It’s been a while since I’ve written a book review – almost three and a half years actually. Why starting again now? Obviously because I just read a great book: “The Subtle Art of Not Giving a F*ck” by Mark Manson which, being a self-help book, offers a great and highly innovative approach to achieving a better and happier lifestyle. My husband gave it to me as a present because he thought that actually I give too many f*cks about life, work and everything else and this could help. I’d never heard of Mark Manson before but became instantly intrigued. While reading the book simultaneously with my husband, I challenged myself to finish it first and then review the whole thing. I won, so here’s my humble opinion.
Actually, self-help books are not my typical read (well, whoever would admit to even browsing them really?). But this one is different. As we can learn in the blurb, superstar blogger Mark Manson shows us “the key to being stronger, happier people and stop trying to be ‘positive’ all the time”. Wait: Isn’t that a contradiction? How can I become a happier being while NOT staying positive AT ALL TIMES? That’s exactly the opposite of every self-help advice I’ve ever heard. Are you serious?
I am. Or rather: Mark Manson is. Let’s explore. The book consists of nine chapters each showing from different angles that trying too hard to pursue happiness actually makes us unhappy and dissatisfied. Accordingly, the chapter headings may sound a trifle disconcerting: “Don’t Try”, “Happiness Is a Problem”, “You Are Not Special” or “The Value of Suffering”. Wow – is the man serious? He is. Already on page 9 I started highlighting sentences freshmen style while trying to process why the constant attempts to become a happier person are in fact leaving you less satisfied. Ever thought about that? By accepting your own shortcomings, according to Manson you will appreciate life’s basic experiences more: friendship and laughing, caring for your family, creating something, helping, reading, learning. These are the things that matter and make us happy in the long run. Sounds corny? Maybe. But try not to give a f*ck. Because, and that’s the central message: Whatever we may think about a situation, an experience, a life choice – it all depends on how valuable we perceive it to be. Thus, if the things we consider a success are actually a poor choice, we subsequently are prone to becoming unhappy and discontent. Meaning, we can’t always control what happens to us, but we are in control of interpreting and responding and thus indeed are responsible for how to proceed with our lives. There may be a myriad of people to be blamed for your unhappy situation, but, and that’s a real eye-opener: Nobody but yourself is responsible for how you feel about and deal with the situation. And it all depends on your perspective and eventually your value system. You get to choose the metric.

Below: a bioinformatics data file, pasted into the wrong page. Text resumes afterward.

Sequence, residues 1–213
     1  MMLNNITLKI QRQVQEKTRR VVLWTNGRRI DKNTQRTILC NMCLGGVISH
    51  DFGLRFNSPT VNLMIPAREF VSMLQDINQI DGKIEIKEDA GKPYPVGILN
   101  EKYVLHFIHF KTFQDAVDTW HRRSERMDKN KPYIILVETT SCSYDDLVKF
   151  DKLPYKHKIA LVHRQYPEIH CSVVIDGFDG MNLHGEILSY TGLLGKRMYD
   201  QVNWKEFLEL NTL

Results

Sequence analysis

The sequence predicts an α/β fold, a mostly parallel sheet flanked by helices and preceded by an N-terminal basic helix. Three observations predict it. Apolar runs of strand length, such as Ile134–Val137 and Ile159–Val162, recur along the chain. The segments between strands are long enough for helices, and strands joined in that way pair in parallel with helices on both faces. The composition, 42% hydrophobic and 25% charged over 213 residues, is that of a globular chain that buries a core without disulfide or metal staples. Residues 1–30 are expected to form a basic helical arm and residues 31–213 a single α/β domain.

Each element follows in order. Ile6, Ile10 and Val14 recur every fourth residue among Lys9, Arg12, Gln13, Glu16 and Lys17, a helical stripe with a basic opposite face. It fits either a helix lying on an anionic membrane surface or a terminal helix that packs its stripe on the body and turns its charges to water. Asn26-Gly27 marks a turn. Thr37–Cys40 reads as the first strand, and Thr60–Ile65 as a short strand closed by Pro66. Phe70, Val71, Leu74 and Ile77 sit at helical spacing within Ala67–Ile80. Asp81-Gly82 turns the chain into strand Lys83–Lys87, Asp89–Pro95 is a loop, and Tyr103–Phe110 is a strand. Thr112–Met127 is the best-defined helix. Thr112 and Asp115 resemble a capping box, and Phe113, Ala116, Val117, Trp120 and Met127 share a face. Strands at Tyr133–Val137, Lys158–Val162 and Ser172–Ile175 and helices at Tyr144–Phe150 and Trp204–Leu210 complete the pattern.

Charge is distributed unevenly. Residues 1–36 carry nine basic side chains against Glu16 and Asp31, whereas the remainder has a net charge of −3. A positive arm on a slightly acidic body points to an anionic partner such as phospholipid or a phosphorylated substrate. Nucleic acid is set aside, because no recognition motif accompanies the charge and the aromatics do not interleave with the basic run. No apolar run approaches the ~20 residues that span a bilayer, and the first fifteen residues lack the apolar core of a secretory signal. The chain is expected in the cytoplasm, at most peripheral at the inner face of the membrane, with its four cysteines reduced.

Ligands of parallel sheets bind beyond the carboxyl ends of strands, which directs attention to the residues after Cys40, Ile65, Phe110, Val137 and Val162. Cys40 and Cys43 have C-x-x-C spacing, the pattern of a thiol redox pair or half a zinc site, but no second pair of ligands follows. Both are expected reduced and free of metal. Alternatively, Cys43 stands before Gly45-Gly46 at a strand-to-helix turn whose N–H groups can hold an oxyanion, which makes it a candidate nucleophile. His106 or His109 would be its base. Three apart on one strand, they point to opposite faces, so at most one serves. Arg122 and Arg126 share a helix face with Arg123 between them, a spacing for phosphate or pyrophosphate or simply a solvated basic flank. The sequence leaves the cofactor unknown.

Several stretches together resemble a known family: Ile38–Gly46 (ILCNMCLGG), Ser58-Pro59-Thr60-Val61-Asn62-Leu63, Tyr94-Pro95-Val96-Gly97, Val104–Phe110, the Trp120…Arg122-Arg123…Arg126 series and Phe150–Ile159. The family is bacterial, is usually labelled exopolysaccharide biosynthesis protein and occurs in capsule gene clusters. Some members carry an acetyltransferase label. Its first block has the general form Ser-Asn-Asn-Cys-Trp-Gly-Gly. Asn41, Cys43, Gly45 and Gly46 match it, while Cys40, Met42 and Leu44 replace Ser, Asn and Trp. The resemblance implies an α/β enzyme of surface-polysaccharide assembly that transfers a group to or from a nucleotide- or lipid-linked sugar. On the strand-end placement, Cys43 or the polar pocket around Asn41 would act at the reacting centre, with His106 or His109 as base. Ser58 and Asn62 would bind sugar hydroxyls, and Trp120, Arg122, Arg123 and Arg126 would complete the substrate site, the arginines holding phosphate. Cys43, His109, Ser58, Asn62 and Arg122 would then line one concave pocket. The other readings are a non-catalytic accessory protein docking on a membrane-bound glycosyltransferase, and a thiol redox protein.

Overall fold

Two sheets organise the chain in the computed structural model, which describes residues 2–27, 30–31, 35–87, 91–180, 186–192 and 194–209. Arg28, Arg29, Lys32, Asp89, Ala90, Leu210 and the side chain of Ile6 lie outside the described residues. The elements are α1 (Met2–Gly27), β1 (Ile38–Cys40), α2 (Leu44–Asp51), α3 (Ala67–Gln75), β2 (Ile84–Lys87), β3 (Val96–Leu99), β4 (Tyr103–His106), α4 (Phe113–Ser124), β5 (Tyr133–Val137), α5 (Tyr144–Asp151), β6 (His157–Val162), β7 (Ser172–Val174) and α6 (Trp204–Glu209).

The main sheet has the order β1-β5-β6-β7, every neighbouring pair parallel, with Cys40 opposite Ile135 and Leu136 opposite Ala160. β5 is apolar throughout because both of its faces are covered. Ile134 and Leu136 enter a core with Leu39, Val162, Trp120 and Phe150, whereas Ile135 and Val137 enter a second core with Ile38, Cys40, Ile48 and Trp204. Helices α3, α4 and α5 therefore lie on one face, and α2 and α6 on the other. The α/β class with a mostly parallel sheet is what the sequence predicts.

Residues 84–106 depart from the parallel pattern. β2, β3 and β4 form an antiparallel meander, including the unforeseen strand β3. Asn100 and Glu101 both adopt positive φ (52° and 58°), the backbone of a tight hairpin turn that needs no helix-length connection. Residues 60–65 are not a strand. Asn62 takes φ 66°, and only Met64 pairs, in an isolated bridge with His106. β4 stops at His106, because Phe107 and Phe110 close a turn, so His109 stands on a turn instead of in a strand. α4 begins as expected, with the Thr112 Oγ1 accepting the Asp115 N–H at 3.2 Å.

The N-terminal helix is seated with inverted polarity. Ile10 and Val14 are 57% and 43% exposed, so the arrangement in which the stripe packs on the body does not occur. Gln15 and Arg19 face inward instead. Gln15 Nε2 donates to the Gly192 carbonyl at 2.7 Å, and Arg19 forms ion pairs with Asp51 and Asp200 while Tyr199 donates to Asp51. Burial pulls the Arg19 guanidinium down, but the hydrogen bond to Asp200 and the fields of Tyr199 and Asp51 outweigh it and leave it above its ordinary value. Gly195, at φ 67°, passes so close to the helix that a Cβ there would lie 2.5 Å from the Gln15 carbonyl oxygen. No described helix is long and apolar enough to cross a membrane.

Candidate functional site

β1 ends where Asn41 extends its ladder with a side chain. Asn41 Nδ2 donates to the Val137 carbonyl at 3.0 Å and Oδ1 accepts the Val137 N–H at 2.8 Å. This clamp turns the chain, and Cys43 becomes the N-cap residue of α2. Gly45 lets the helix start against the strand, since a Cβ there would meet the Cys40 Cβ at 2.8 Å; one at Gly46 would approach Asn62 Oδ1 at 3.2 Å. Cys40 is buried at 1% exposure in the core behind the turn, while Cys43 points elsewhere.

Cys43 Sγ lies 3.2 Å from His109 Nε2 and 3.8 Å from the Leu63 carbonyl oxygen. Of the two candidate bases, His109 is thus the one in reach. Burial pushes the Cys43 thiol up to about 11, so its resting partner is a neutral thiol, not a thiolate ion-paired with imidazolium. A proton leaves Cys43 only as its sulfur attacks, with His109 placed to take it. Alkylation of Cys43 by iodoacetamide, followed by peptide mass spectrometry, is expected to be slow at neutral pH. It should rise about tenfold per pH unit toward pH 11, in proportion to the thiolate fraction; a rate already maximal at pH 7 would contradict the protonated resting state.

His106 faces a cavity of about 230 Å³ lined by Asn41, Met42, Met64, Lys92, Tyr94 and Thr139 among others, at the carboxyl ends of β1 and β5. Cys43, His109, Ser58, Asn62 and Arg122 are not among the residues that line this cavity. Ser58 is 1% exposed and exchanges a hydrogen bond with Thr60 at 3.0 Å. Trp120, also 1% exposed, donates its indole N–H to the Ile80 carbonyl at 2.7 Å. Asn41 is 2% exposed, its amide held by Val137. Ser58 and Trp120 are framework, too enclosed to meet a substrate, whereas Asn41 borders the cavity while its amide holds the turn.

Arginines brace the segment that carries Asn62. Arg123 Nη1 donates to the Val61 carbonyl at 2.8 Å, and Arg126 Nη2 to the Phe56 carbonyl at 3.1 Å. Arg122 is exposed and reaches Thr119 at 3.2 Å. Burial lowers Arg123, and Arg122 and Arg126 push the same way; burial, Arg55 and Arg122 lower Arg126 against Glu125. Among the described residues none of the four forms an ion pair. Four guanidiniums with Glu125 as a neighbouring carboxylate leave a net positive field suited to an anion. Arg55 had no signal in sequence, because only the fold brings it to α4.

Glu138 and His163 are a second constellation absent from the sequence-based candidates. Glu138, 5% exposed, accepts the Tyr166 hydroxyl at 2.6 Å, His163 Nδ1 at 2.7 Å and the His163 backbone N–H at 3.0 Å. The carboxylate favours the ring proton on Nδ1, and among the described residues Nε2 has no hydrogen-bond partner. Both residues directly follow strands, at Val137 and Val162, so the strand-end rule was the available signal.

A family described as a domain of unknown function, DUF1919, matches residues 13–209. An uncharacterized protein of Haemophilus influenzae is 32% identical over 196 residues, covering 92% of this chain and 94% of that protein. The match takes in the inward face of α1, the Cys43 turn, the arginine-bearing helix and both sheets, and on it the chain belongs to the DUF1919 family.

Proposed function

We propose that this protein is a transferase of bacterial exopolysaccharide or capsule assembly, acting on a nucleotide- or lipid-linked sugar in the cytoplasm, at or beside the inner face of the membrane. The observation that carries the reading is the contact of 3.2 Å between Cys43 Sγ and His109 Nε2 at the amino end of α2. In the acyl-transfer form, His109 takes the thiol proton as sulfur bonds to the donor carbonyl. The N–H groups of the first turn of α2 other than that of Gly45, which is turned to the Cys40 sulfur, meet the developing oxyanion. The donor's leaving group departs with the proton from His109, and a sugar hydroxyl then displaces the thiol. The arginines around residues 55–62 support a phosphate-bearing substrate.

Manson lists a couple of “shitty values” such as pleasure, material success and always being right. I am picking material success to elaborate: As long as you are not starving and living on the streets but make a decent amount of money per year, an extra ten thousand dollars income won’t make a difference to your happiness – even if you might think so.
Because there will always be someone making more, outranking you, buying better clothes, going on vacation thrice a year. So, as Manson puts it, you’re killing yourself working overtime for basically nothing (valuable) instead of investing the most valuable thing you have, your lifetime, in something worth your while. If you don’t get it, just google Dave Mustaine or read the subsection “Rock Star Problems” on page 76f. Most of our self-made problems stem from today’s culture of equating great attention and great success. You are not great because you launched a new app, published a bestseller, got a new client, made more money than your neighbor or bought yourself a new [insert preferred high-end product]. But, to say it with Manson’s words:
“You are already great because in the face of endless confusion and certain death, you continue to choose what to give a fuck about and what not to. This mere fact already makes you beautiful, already makes you successful, and already makes you loved. Even if you don’t realize it.”
“The Subtle Art of Not Giving a F*ck” is a New York Times bestseller and deservedly so. If you want to learn more about Mark Manson, check out his blog or Twitter feed. Have fun now while reading and don’t forget to enjoy a hip vanilla soy latte or whatever drink you prefer. Cheers!